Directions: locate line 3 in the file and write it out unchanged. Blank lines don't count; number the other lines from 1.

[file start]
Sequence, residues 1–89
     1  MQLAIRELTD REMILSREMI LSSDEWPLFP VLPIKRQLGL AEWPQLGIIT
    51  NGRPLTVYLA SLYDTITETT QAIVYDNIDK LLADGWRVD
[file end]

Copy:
    51  NGRPLTVYLA SLYDTITETT QAIVYDNIDK LLADGWRVD